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Keywords:

  • ACE inhibitors;
  • angiotensin receptors blockers;
  • atrial fibrillation;
  • recurrence;
  • renin angiotensin system

Abstract

  1. Top of page
  2. Abstract
  3. Epidemiology, associated conditions and prognosis
  4. Role of the renin–angiotensin system in atrial fibrosis and electrical remodelling
  5. RAS gene polymorphism and atrial fibrillation
  6. ACE-Is and ARBs: clinical evidences in atrial fibrillation
  7. Conclusion
  8. REFERENCES

WHAT IS ALREADY KNOWN ABOUT THIS SUBJECT

• Atrial fibrillation (AF) is the most common rhythm disturbance in medical practice.

• AF can be managed with the prevention of thromboembolism and either a rate control or rhythm control strategy; however, as both treatment strategies have important limitations, a preventative strategy could be a more attractive option.

• Angiotensin-converting enzyme inhibitors (ACE-Is) and angiotensin-II receptor blockers (ARBs) may play a role in preventing AF recurrence.

WHAT THIS STUDY ADDS

• The aim of the present review was to analyse evidence supporting the usefulness of renin–angiotensin system (RAS) inhibition in patients with AF and to focus on which specific subset of patients it most favours.

• Although many studies and meta-analysis have supported the advantage of RAS block in preventing AF recurrence, it is not possible to recommend the use of ACE-Is and ARBs in routine clinical practice specifically to prevent AF.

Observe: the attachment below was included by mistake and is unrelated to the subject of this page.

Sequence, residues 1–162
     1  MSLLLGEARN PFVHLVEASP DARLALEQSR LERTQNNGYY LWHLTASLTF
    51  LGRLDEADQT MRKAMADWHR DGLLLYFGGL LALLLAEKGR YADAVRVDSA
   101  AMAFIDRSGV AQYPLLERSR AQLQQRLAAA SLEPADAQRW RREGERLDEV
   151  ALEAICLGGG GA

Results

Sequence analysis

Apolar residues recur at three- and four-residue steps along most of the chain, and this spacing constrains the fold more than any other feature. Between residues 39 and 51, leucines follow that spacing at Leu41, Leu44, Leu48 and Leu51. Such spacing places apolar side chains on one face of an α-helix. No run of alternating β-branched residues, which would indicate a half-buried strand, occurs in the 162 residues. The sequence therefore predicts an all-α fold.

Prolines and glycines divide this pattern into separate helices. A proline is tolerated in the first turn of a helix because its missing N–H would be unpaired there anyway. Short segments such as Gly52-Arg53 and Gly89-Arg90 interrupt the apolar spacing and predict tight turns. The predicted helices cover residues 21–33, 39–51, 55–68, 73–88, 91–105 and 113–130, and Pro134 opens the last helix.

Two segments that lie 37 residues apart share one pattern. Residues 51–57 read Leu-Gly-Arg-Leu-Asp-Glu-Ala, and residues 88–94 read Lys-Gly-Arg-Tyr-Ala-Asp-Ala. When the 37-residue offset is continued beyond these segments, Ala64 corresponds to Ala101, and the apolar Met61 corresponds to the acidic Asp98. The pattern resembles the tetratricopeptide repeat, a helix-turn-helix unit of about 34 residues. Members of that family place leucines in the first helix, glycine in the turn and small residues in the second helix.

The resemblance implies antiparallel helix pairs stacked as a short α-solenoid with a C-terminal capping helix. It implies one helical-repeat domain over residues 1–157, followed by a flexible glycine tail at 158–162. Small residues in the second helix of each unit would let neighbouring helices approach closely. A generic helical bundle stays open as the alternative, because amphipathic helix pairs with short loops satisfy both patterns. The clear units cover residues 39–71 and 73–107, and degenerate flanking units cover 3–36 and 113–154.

• As these drugs are safe and manageable, they should be considered the drugs of choice in patients with AF and coexisting clinical conditions such as hypertension, coronary disease, heart failure and diabetes mellitus.

Atrial fibrillation (AF) is the most common rhythm disturbance in medical practice and represents a very expensive health problem. AF can be managed with the prevention of thromboembolism and either a rate control or rhythm control strategy. As both strategies have important limitations, probably a preventative strategy in patients at risk of developing arrhythmia can be a more attractive option.

The renin–angiotensin system (RAS) seems to be involved in the genesis of arrhythmia by the following two mechanisms:

  • 1
    the induction of atrial fibrosis and structural remodelling by mitogen-activated protein kinase (MAPK) expression and reduction of collagenase activity;
  • 2
    the induction of electrical remodelling by shortening of the atrial effective refractory period (AERP) and of the action potential duration.